Story by Elizabeth Walztoni, News Intern
Photos courtesy of Pexels, LocalWiki
With a campus so abundant in green space and a large park next door, it can be easy to take the presence of nature for granted here at Aquinas. But not all of Grand Rapids has an equal opportunity to enjoy the outdoors.
The Urban Land Institute (ULI), an association of professionals in urban planning, land use and architecture, visited Grand Rapids to evaluate the parks system and offer recommendations for its expansion. The committee of volunteer members conducted their study at the invitation of the Grand Rapids Department of Parks & Recreation from March 25-27. Their findings were presented in a public meeting at City Hall on Wednesday, March 27.
Central to the study was the 10-Minute Walk Campaign, whose name refers to the ideal distance for all city residents to live from a park. The campaign has been endorsed by 230 mayors throughout the country, including Grand Rapids’ Rosalynn Bliss.
ULI presenters explained that parks contribute to communities in many more ways than providing a place to play. Areas with plentiful green space see increased economic value as property values rise. Parks also perform a number of environmental functions, including stormwater management and biodiversity protection. Community bonds are strengthened in the use of public spaces as well.
Residents of Grand Rapids have different levels of access to these services depending where they live, and the study focused on communities with the greatest need — the First and Third Wards (see map above). These were described as “areas of socioeconomic disparity,” where development should aim to create and maintain “inclusive spaces.” This equity focus intends to manifest in several ways. An example is so-called “catch-up provision,” in which more funds are allocated to the parks that need them most.
The 10-Minute Walk Campaign comes with additional considerations. “In order for people to make that walk, the destination needs to be there and the walk needs to be welcoming,” said Rachel Banner, another presenter and a senior program manager at the National Recreation and Park Association. This means ensuring sufficient lighting, crosswalks and traffic control throughout the city, in addition to promoting easy accessibility through multiple modes like bicycle and bus.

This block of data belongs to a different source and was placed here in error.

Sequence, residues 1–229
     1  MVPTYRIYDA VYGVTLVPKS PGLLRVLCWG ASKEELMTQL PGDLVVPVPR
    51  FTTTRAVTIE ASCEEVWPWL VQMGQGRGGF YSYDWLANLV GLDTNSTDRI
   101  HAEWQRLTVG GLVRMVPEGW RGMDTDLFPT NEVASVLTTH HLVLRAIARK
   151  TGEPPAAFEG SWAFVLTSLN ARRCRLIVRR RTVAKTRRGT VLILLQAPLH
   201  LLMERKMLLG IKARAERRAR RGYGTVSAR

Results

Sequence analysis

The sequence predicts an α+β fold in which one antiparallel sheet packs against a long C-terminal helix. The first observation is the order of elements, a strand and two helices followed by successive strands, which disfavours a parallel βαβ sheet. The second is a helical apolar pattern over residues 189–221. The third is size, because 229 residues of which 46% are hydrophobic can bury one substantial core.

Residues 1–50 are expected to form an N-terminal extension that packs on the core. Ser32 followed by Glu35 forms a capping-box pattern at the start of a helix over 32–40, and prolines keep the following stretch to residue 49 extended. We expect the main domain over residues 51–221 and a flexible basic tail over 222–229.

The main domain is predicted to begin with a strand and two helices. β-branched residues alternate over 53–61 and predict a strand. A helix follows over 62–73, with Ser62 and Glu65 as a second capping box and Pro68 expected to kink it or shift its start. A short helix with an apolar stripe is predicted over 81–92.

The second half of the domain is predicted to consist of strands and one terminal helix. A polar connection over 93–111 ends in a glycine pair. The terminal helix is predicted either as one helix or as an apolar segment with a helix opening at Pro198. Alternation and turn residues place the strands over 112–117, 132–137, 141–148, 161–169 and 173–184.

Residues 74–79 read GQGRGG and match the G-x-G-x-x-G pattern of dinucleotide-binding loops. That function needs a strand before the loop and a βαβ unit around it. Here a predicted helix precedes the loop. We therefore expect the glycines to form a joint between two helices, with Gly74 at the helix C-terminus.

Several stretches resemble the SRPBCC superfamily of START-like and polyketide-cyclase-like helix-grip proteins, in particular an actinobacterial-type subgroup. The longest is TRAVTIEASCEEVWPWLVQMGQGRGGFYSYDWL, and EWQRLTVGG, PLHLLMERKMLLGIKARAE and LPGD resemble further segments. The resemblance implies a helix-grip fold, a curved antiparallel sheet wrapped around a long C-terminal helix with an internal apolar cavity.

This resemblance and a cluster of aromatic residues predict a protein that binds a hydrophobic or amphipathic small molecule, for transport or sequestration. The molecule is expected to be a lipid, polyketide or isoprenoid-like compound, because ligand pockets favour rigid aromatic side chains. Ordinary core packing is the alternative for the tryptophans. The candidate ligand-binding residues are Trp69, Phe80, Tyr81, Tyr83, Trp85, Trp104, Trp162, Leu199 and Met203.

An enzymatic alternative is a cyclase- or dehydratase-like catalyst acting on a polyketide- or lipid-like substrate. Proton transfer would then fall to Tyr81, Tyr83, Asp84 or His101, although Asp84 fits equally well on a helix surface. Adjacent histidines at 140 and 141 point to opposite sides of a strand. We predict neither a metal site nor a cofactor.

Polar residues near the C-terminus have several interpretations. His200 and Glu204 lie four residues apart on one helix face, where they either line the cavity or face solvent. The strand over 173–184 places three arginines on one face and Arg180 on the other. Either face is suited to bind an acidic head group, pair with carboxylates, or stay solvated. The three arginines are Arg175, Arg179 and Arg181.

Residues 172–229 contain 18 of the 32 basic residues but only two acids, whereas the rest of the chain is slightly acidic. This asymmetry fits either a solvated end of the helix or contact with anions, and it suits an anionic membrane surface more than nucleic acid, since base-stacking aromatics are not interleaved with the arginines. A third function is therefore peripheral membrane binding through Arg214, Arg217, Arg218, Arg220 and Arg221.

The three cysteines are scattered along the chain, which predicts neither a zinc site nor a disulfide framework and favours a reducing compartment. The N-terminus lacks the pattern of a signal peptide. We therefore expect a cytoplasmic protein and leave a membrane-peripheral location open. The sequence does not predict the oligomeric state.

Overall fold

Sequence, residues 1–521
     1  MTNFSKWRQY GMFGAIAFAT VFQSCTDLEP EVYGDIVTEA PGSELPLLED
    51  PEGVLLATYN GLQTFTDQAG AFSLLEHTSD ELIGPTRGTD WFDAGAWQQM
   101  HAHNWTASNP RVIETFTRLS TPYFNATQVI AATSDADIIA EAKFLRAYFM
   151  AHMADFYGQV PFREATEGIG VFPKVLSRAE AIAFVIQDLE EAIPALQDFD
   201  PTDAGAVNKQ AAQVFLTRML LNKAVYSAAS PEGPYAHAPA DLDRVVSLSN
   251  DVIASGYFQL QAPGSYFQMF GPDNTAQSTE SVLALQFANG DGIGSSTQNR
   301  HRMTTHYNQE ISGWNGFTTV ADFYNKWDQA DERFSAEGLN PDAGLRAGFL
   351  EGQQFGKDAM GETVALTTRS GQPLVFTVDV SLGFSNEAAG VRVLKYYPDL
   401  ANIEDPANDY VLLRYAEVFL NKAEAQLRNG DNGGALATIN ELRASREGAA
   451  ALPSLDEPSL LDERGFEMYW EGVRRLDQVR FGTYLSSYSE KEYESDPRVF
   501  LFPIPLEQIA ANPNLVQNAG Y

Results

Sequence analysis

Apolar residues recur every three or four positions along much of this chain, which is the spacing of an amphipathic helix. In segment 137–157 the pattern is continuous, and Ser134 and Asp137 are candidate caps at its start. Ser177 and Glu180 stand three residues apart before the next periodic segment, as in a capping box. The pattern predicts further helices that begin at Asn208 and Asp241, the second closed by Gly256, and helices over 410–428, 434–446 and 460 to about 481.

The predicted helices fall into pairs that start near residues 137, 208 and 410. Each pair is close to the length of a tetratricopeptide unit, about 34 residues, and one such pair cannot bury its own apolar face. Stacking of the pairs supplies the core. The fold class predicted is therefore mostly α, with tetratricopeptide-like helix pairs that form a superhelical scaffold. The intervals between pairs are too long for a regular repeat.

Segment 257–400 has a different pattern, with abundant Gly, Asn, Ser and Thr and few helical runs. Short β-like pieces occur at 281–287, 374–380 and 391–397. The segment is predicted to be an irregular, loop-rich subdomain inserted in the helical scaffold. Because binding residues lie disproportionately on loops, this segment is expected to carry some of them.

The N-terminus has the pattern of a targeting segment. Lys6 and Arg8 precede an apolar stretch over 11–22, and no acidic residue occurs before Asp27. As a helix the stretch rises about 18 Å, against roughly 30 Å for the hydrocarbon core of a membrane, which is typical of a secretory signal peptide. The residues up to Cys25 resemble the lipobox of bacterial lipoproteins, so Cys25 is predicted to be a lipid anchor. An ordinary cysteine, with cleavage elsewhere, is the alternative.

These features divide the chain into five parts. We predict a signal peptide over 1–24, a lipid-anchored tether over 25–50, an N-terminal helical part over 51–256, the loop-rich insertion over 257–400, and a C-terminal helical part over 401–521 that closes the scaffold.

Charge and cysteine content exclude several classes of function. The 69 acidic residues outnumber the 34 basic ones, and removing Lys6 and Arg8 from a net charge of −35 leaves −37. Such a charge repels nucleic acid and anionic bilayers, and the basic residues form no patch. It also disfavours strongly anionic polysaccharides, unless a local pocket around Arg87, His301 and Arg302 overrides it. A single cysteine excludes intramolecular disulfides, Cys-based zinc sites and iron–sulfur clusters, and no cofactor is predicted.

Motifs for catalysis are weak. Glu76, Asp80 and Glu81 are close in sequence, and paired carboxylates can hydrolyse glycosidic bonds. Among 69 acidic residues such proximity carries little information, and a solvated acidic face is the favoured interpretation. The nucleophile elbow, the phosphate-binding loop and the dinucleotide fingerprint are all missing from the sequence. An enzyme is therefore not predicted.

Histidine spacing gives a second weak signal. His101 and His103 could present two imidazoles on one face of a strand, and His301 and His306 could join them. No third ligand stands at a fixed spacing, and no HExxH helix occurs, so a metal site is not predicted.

Challenges facing the realization of this vision are largely financial. City parks receive supplemental funding from a millage, or property tax, that citizens voted to approve in 2013. The $4 million fund is largely spent on the acquisition of new land. According to the presentation, however, the millage does not support operations; combined with an underfunded and understaffed department, this means that both new and existing parks are often inadequately maintained. The ULI noted from stakeholder interviews that parks entrances were sometimes unmarked or obstructed, for example.
The Grand Rapids Parks & Recreation Department of Operations & Management is underfunded by $3.25 million, and spends $1,000 less per acre on its public land than the national average for cities of comparable size. Another challenge moving forward will be the acquisition of funding through avenues such as concessions without compromising the focus on inclusive growth.
A second major hurdle outlined in the presentation was a historic mistrust between citizens and city government. ULI recommended a new acquisition strategy that involved neighbors in the planning process, as well a dedicated staff member for community relations.
The breadth of things that parks do remind us of “the way that everything is connected to everything else,” Melanie Smith, a senior director of transit-oriented communities for the Los Angeles Metro and participant in the ULI study, said.
About the Writer:
Elizabeth Walztoni is a sophomore majoring in Geography with a minor in writing.
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